This view is wrong under the law as it exists today. But in order to understand this, we need to take a few steps back. Churches are unique in that they enjoy a special status under the tax code. Normally, to be considered exempt from income taxes, an organization must apply for an exemption from the IRS and demonstrate that it meets the requirements to be considered one of the exempt categories of section 501(c) of the tax code. Every organization that does not fall within one of the exempt categories of section 501(c) of the tax code is considered taxable.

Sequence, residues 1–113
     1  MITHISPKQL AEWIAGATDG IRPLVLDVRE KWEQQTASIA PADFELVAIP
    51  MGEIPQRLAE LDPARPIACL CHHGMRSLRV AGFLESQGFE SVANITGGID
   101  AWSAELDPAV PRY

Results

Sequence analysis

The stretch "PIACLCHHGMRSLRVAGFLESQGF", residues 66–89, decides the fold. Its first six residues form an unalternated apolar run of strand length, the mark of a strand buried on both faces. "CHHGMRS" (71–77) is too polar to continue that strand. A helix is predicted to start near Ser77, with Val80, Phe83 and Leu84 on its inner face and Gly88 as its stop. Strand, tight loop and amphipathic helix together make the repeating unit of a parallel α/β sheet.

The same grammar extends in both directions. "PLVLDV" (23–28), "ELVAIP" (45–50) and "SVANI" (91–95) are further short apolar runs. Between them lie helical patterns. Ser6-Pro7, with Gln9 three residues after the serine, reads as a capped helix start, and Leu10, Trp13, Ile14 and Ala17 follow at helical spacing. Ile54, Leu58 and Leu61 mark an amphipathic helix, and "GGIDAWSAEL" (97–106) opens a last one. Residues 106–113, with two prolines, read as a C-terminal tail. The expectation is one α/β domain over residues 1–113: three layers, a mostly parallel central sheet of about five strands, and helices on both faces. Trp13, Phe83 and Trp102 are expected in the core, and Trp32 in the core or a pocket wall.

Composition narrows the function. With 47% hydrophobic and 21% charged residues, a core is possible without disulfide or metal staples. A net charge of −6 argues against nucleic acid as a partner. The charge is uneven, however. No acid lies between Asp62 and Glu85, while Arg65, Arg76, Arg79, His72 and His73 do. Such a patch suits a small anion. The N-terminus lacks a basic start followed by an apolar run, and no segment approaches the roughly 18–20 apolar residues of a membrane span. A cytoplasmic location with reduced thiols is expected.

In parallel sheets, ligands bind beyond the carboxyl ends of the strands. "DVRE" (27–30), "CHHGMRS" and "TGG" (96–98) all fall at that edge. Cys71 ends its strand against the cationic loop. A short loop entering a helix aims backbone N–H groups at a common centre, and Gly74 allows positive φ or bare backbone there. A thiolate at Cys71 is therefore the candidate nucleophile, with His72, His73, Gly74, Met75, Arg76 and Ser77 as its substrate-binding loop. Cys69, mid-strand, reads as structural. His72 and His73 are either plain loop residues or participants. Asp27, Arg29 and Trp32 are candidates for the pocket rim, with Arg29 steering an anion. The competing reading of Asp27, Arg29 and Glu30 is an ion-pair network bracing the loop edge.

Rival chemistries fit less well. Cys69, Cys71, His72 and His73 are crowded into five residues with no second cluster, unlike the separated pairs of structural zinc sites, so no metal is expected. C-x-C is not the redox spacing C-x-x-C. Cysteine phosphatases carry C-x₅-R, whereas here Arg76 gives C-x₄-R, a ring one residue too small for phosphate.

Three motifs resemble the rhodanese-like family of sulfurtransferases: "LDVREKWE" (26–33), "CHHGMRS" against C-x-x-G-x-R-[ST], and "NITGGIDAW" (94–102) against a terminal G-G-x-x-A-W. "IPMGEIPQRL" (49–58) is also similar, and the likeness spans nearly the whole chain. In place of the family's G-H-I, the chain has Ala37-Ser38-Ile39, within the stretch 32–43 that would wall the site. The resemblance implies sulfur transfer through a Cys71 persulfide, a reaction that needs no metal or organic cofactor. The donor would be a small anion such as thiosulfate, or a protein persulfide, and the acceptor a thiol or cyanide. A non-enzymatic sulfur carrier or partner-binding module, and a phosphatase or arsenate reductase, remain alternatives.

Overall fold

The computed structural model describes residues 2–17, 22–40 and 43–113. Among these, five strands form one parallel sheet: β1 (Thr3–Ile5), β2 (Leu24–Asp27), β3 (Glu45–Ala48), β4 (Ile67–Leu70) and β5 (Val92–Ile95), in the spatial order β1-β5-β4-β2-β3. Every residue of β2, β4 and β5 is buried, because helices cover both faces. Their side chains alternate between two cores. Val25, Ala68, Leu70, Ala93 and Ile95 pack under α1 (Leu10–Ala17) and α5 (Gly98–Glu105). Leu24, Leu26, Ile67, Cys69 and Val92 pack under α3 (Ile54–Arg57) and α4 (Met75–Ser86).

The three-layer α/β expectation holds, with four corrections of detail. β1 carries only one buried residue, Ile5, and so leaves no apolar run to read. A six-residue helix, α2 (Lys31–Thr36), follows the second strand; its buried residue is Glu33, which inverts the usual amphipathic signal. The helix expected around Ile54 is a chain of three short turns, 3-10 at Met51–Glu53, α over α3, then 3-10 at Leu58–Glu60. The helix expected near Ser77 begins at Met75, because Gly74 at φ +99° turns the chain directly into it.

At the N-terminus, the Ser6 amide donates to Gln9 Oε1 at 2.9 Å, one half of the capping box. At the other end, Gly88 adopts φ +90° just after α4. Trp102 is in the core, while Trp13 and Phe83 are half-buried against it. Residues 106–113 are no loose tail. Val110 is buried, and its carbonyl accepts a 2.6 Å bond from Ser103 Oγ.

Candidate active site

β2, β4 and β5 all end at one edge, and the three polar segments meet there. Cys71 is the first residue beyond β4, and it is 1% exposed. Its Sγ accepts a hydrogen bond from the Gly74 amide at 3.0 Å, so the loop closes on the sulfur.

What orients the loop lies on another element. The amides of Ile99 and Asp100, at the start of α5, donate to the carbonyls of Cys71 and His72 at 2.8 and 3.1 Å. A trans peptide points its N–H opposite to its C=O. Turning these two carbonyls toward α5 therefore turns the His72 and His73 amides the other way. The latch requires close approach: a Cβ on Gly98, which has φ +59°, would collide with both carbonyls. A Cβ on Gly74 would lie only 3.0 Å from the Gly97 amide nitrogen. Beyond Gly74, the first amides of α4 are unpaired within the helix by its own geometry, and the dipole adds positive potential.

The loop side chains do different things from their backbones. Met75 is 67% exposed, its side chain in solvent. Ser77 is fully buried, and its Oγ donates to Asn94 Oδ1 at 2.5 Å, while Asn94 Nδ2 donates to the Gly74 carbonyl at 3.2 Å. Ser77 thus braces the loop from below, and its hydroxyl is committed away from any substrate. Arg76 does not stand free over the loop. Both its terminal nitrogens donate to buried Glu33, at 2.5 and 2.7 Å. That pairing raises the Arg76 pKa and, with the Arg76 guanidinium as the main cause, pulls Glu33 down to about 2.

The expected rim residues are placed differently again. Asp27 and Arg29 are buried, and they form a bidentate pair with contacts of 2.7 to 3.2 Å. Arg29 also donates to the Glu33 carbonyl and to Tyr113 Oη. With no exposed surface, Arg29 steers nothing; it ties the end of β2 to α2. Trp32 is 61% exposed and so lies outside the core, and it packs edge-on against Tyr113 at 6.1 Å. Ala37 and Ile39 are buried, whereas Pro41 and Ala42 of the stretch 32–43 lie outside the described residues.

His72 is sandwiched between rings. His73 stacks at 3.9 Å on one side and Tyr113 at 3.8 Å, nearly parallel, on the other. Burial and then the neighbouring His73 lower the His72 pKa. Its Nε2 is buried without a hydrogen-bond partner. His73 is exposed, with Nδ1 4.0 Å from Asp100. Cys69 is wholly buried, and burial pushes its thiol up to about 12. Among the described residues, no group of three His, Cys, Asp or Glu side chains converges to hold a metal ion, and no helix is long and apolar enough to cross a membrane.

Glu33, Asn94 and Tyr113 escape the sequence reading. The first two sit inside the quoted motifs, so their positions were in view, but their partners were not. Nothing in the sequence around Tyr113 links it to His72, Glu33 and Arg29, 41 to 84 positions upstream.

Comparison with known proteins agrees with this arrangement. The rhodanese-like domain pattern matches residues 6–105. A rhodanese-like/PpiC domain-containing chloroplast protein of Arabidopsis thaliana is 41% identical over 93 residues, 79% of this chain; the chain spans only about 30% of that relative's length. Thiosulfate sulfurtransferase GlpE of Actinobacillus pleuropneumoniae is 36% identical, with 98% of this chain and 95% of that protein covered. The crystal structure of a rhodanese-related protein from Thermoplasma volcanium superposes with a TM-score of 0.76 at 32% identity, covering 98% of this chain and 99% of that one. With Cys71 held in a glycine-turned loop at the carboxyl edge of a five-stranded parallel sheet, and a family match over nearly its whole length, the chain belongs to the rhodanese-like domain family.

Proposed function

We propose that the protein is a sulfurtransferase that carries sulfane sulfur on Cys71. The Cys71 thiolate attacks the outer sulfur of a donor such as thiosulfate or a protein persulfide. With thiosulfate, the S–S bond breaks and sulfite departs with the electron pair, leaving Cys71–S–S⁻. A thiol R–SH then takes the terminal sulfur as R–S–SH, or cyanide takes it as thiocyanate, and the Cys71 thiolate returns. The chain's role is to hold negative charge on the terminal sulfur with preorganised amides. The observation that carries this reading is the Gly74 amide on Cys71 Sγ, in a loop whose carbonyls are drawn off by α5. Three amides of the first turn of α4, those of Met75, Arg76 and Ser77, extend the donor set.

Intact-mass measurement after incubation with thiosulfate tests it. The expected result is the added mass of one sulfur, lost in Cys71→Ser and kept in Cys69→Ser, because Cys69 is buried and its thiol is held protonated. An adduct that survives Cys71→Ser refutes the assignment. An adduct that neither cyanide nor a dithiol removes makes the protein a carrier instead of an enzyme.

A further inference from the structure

But churches are different. Under section 508(c)(1)(A) of the tax code, churches are exempt from applying to the IRS for tax exempt status. Thus, churches are automatically exempt from income taxes under the federal tax code without first applying to the IRS for recognition of exempt status.

Those of us who are members of so called non profit organizations which advocate policy changes and are subject to very different rules about how we operate. Thus, the supreme irony!

These non religious NGOs will forever be behind the capacity of the religious entities of the USA to advocate legislation in our so called republic which our Founders wanted free from religious entanglements.